The Mini Cooper has a well deserved reputation as being a fun yet fuel-efficient way of getting around. Well now it’s about to be fun and fuel-free as an all-electric Mini finally enters mass production. So let’s see if the Min-“E” is worth plugging into.
Mini has finally gone electric for real with the 2020 Mini Cooper SE. Now, it’s actually not the first Mini EV we’ve driven, as we spent some time in this Mini E 10-years ago during our 30th season. That was a limited release of just 450 lease-only cars here in the states; but we felt it was the most fun green car we’d driven yet, extremely pleasant, with a nice flutter-like electric sound coupled to good throttle response at all speeds.
And we're pretty sure that there’d be many more to follow. Well, it has taken until now, for this Cooper SE to finally bring the brand into EV primetime.
And we’re not entirely sure what took so long; it’s not a new chassis, but a modified version of the current Cooper S. And the electric motor that powers it, comes from the BMW i3; mounted up front right where the gas engine would be.
But, since battery placement was not a part of that original design, Mini engineers were left with fitting them wherever they could, mostly where the fuel tank and transmission would be.
32.6-kWh’s worth means only 110–miles of range; not much more than that original Mini E.
And while that may be lower than what we’d like to see, there’s no denying the transformation has driven the Mini fun-factor higher than ever; which is why most people buy a Mini in the first place.
So, even though you can’t venture too far afield, darting in and out of urban traffic is still a joy. Same single-joint spring strut suspension up front and multi-link rear as in the Mini Cooper S; with unique tuning of course.
Therefore, lots of feedback from every aspect of the car, and even more heightened throttle response than with a gas engine. It’s every bit as engaging, if not more so, than the Volkswagen eGolf. And that’s saying a lot.
That electric motor has a 135-kW output. That means you’re sending about 180-horsepower to the front wheels, a little bit less than what the Cooper S has to offer. But between the absence of engine noise, and near instant acceleration, it feels more powerful.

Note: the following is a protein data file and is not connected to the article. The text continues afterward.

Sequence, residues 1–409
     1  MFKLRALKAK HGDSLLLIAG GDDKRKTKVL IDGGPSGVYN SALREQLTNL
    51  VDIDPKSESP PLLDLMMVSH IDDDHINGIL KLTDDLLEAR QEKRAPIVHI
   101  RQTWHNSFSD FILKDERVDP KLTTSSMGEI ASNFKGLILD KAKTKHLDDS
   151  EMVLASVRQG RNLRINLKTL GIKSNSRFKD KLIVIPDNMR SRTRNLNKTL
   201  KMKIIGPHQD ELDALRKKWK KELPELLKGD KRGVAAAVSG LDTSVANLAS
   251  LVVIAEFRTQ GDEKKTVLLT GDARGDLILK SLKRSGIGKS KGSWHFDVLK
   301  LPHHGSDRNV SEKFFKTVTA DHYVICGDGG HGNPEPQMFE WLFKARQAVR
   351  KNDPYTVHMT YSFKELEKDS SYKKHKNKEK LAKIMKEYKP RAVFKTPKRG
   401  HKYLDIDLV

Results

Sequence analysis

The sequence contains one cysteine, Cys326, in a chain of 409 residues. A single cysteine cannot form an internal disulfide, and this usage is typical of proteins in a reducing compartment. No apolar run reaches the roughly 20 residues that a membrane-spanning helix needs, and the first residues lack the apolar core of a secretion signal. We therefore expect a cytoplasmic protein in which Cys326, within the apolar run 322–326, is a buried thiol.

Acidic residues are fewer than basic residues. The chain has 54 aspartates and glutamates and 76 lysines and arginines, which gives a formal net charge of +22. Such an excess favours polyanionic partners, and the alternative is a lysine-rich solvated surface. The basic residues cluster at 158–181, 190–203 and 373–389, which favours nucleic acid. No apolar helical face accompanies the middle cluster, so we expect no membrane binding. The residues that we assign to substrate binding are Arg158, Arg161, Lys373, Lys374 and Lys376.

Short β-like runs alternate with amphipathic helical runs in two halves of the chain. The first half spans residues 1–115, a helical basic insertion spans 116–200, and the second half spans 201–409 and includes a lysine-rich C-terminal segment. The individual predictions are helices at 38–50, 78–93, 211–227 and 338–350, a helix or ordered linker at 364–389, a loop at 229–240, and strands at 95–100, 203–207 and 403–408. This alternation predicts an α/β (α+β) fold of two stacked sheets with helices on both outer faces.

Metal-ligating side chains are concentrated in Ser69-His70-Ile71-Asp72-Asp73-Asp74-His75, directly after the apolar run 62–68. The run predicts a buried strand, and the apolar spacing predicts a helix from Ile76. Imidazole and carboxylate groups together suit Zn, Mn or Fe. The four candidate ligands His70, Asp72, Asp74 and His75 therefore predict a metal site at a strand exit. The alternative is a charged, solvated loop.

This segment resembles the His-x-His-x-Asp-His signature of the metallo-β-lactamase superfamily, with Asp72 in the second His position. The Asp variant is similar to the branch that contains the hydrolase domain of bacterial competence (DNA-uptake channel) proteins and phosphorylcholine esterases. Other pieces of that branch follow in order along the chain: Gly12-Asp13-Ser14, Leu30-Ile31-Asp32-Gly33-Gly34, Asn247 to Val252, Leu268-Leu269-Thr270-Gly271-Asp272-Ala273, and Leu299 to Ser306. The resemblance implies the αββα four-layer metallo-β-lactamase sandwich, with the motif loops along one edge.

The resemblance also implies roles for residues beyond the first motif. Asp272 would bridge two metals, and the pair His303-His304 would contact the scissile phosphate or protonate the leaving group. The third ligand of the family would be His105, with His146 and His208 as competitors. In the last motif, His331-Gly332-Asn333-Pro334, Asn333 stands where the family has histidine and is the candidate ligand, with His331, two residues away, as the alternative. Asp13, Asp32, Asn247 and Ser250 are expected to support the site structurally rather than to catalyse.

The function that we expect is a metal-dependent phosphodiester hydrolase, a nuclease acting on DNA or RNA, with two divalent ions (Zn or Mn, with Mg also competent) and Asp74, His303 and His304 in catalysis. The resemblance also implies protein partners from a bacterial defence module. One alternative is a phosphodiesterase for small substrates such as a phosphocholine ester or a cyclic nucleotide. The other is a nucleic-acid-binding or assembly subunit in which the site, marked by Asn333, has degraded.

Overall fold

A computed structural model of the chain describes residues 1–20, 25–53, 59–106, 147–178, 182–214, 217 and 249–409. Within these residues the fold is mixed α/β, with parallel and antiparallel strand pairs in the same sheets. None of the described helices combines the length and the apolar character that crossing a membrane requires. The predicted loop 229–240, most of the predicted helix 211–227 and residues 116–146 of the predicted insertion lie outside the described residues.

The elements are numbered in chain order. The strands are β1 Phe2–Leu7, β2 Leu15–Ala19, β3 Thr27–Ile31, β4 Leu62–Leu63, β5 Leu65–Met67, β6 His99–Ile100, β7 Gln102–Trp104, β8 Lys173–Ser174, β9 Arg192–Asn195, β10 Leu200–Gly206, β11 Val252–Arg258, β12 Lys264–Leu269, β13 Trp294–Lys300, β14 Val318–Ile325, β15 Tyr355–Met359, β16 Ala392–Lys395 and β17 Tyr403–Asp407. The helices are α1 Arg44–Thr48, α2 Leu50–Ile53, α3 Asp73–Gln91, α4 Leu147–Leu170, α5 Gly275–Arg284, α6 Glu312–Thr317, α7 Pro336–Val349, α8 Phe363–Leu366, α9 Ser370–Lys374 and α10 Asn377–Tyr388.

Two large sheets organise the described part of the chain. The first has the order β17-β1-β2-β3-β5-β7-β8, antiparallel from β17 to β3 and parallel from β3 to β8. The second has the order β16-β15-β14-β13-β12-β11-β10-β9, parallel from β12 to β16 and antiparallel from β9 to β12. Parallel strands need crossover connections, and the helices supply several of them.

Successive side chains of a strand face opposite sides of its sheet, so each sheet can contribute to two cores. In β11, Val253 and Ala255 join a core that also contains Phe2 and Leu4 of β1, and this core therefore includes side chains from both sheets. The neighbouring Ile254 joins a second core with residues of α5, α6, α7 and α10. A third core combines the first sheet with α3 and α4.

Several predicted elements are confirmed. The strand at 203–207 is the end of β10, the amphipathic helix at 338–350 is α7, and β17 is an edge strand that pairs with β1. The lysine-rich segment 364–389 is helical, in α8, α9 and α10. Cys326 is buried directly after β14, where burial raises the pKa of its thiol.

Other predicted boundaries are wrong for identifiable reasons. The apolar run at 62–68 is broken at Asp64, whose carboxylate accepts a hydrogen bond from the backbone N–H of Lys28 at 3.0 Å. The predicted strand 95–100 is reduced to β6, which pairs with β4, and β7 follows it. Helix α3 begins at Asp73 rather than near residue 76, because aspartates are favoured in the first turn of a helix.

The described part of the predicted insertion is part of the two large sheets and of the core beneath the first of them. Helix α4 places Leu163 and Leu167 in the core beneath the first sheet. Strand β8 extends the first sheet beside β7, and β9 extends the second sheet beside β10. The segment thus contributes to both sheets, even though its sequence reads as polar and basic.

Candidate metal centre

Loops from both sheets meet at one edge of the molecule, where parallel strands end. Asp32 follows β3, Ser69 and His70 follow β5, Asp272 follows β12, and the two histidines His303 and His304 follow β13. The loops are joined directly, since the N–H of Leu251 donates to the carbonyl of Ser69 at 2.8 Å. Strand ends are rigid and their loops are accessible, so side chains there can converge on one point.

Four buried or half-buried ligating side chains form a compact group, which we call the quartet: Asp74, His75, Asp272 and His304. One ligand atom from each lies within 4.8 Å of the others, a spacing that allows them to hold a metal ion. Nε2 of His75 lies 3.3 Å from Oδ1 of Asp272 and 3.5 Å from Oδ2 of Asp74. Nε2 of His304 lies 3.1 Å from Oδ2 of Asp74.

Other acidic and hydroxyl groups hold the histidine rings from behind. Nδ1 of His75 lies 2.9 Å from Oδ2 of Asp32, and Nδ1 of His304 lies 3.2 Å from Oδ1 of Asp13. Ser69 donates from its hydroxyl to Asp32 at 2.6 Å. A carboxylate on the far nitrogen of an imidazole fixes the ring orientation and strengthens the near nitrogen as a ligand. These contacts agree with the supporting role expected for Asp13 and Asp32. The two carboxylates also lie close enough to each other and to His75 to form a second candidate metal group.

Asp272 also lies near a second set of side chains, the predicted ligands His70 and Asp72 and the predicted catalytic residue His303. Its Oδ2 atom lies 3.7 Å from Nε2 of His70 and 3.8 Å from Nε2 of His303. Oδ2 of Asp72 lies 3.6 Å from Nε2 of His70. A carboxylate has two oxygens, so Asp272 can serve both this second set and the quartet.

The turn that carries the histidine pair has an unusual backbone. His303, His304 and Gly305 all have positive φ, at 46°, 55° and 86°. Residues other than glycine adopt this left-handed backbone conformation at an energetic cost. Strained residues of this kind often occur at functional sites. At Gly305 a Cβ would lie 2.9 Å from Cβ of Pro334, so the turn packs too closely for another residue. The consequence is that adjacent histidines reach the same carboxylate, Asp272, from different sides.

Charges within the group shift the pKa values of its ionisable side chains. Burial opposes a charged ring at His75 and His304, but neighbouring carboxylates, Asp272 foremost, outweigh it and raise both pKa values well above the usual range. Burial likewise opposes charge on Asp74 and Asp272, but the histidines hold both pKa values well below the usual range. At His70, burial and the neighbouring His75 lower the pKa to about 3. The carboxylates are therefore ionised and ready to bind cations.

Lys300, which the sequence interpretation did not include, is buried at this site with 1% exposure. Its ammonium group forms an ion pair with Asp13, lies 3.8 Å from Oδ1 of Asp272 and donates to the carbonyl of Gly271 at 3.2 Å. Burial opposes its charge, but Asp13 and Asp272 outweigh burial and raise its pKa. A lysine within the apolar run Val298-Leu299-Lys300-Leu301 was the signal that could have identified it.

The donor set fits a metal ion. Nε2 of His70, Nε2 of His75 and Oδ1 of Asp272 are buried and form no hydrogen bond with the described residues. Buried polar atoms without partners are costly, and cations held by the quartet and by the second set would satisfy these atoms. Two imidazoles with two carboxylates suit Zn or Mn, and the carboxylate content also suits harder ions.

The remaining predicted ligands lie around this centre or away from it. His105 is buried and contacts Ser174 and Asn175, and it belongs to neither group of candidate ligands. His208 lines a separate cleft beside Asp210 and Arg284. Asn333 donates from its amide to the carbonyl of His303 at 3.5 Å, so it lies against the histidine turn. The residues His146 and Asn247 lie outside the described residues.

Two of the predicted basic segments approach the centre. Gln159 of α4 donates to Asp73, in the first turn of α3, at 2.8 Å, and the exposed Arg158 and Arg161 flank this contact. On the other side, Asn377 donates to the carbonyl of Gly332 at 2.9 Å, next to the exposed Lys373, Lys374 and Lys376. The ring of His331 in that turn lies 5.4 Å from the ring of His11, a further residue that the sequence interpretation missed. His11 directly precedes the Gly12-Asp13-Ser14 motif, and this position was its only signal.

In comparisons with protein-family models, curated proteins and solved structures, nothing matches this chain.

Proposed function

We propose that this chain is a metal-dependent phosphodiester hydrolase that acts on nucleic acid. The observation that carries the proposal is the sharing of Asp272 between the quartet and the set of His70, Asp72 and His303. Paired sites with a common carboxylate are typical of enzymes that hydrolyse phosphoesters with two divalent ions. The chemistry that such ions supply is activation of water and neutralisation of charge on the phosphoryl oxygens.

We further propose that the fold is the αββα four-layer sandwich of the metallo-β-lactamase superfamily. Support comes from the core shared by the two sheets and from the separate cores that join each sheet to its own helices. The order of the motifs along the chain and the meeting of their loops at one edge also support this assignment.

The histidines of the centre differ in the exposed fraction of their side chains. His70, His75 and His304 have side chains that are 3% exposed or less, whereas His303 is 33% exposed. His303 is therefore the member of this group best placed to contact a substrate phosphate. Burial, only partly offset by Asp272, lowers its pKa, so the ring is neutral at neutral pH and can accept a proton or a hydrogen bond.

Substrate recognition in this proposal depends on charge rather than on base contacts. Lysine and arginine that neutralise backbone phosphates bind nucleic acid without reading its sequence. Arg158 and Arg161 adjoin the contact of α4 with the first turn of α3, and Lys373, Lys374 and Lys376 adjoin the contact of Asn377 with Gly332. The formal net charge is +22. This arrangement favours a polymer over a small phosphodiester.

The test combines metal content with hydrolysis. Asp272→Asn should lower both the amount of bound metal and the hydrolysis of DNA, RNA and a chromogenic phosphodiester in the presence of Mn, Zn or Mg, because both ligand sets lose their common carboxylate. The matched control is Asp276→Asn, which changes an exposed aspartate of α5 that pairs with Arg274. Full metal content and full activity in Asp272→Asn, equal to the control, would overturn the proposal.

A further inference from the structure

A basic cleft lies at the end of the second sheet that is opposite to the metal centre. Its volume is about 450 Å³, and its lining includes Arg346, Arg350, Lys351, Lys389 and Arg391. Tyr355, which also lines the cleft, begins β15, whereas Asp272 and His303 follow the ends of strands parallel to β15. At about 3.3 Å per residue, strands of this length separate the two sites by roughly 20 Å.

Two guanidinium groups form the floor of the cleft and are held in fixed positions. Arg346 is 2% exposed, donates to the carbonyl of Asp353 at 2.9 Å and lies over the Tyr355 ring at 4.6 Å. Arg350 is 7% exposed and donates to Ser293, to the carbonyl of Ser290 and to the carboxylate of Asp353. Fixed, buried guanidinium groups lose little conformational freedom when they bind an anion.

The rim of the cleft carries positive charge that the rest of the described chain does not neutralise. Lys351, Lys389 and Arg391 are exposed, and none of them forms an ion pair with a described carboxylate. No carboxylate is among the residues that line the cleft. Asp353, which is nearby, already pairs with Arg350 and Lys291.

Not bad considering it’s also about 300-lbs. heavier. Though the bulk of that weight is not over the front wheels, but low and centered in the chassis. We gauge 0 to 60 at 6.9-seconds. Top speed is 93 miles-per-hour.
There are just 2-modes for adjusting regen braking; neither of which are aggressive as those that allow for total one pedal driving.
A few Aero enhancements have been performed outside to make it more efficient; the grille is mostly closed off, and the rear bumper is new. Not to mention the light alloy wheels, which are just plain cool looking, as well as the splashes of yellow trim.
Ride height has been raised about half an inch, as batteries hang a little lower than the gas tank.
Otherwise, it’s the same lovable bulldog shape, with wraparound glass, wide stance, and short overhangs that we’ve come to know and admire.
A 7.4-kW onboard charger allows for full level-2 charging in as little as 4-hours at home; DC fast charging can take you to 80% in just 35-minutes.
Even with batteries being mounted where they are, there’s still a surprising amount of passenger and cargo space; 7.5 cubic-ft. behind the split-folding rear seatbacks, with a max of 25.8. Along with the same hipster vibe that always has most of us thinking we were mistakenly let into some club that is way too cool for us.
The SE comes feature rich too. Navigation on the central 6.5-inch display is standard; as are heated front seats, a dynamic digital instrument cluster with the customary EV-specific displays, and a leather multi-function steering wheel.
There’s also a different heater that uses less energy. And yes, there’s still a Sport mode; in addition to Mid and the 2 Green modes.
Government Fuel Economy MPGe Ratings are 115-City, 100-Highway, and 108-Combined.
For an almost perfect Energy Impact Score; 0.2-barrels of yearly petroleum consumption, and no CO2 emissions.
With three trim levels, the Mini SE starting price is just $30,750; minus whatever government incentives you can get from there. Mini says that makes it the most affordable premium EV you can buy, and we agree.
With only just over a 100-mile range, we thought it would be difficult to get overly excited about this 2020 Mini Cooper SE EV. But, as the BMW i3 is no longer sold here; we found the Cooper SE to be without a doubt the coolest of the current EV options. Much like every other Mini, the numbers don’t always add up, but whenever you’re behind the wheel, it’s just plain fun.
Range: 110 miles
0-60 mph: 6.9 seconds
EPA (MPGe): 115 City / 100 Highway / 108 Combined